Media musings


Only recently, media houses in the state have had to stop its work resulting in depriving the public of their access to news. Yet again, newspapers had to stop print for two days but for close to a week, many had to do without being able to read the day’s news and views since newspaper distributors and hawkers stopped their service. As in earlier instances, the working condition of the media in the state and various external forces operating in the state impacting on media operation and practices in the state led to the impasse. With an assorted variety of unlawful armed groups and their breakaway factions operating in the state, the synergy and dynamics in between them lead to media being caught in the middle. Often, the state media ends up being a soft target caught under the barrage of intimidations in terms of what it can carry and even in terms of where the certain news item is to be displayed and how long the text should be, no matter whether the given text is newsworthy or not. There have been numerous instances when warring groups or factions of a main group have leveled accusations against each other and insisted that only their version be carried and no one else. If the non state armed actors of the state have been overbearing in their dealing with the Manipur media, government agencies including the police and Army have cracked down on the functioning of the media by imposing their own version of ‘do’s and don’ts’ including standing instructions on forwarding press releases from unlawful organizations. There have been occasions where media houses have been pulled up by the Police Department and asked to disclose news sources. Recently, a Manipuri newspaper was asked by the National Investigation Agency (NIA) to hand over the original print/digital image of a picture carried by the paper in 2010. The NIA asked the editor of the said paper to name the photographer who had taken the photograph of the ‘raising day’ of the Peoples’ Liberation Army (PLA), a banned militant outfit. In cases where agencies of the Government clamp down on the media and try to muzzle its freedom, there can be recourses that one can resort to starting from raising the issue with various journalistic forums but when it is the non state forces that threaten and intimidate the media in its functioning, nothing much can be done except protest and bear with them as a job hazard. There have been seven documented cases of death amongst the media fraternity in the state and various other life attempts that were unsuccessful, which shows how the sector is being impacted.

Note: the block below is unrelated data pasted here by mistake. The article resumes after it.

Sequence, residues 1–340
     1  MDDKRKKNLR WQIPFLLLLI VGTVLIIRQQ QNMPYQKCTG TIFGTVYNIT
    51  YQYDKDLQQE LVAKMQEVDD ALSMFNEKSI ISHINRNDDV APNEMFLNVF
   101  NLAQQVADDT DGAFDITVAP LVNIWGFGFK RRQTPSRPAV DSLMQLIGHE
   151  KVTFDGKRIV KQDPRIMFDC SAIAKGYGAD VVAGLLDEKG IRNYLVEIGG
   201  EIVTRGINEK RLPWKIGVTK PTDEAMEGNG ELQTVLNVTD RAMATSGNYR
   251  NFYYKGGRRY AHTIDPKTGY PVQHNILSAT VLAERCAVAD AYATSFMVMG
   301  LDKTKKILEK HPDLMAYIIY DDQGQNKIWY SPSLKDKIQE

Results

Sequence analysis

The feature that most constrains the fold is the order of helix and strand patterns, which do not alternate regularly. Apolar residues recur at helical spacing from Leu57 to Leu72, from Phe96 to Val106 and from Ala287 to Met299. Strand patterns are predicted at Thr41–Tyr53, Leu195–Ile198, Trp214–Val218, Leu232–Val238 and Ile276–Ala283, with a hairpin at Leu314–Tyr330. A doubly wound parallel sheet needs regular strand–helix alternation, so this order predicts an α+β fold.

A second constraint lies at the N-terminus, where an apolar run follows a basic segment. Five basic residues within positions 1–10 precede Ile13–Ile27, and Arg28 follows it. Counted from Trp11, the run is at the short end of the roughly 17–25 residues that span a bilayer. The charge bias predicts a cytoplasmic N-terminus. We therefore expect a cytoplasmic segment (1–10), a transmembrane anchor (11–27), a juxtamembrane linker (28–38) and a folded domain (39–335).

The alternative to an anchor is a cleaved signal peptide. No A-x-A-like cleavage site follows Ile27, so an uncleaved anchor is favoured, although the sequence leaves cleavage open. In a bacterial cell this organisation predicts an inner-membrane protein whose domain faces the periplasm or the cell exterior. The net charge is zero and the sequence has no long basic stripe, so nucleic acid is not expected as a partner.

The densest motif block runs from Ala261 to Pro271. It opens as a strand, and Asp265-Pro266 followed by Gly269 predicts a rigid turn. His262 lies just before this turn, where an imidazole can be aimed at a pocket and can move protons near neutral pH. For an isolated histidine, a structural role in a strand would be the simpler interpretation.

When the media outlets cease to function in the face of the threats that comes its way, it becomes easy for observers and non media persons to take the stand that the state media is depriving the common people their right to information and news. What these non-media people do not realize is that when people in the media are being threatened over the phone and over SMS-es with dire consequences over their dictates not being followed, it first and foremost impinges on the freedom of the media and the editorial purview of what can be printed and what must be discarded. Secondly, it creates an atmosphere of uncertainty for those involved in the media sector: while earlier, only editors were put under threat to be followed by reporters, the recent situation  was one where desk staff and newspaper hawkers were at risk of getting caught in the middle. When a suspicious looking press release from a certain group that is being portrayed as the faction of another group claiming responsibility for a particular action came in to a few media houses, it was not entertained. This was met by SMS threats first to editors and then to the hawkers and distributors. When AMWJU and editors of media houses went ahead with their work but without printing the said release, the threat level to hawkers and newspaper distributors were raised with a date being marked. Newspapers lay unread and undistributed even as everyone associated with publishing a newspaper: reporters, desk and technical staff, put in their efforts to doing something that everyone knew would not make their way to the public. Thankfully, the media in the state rallied around each other and went about defiantly doing its work and that spirit of sticking with each other will be the only positive fall out of a sticky mess that may happen again.


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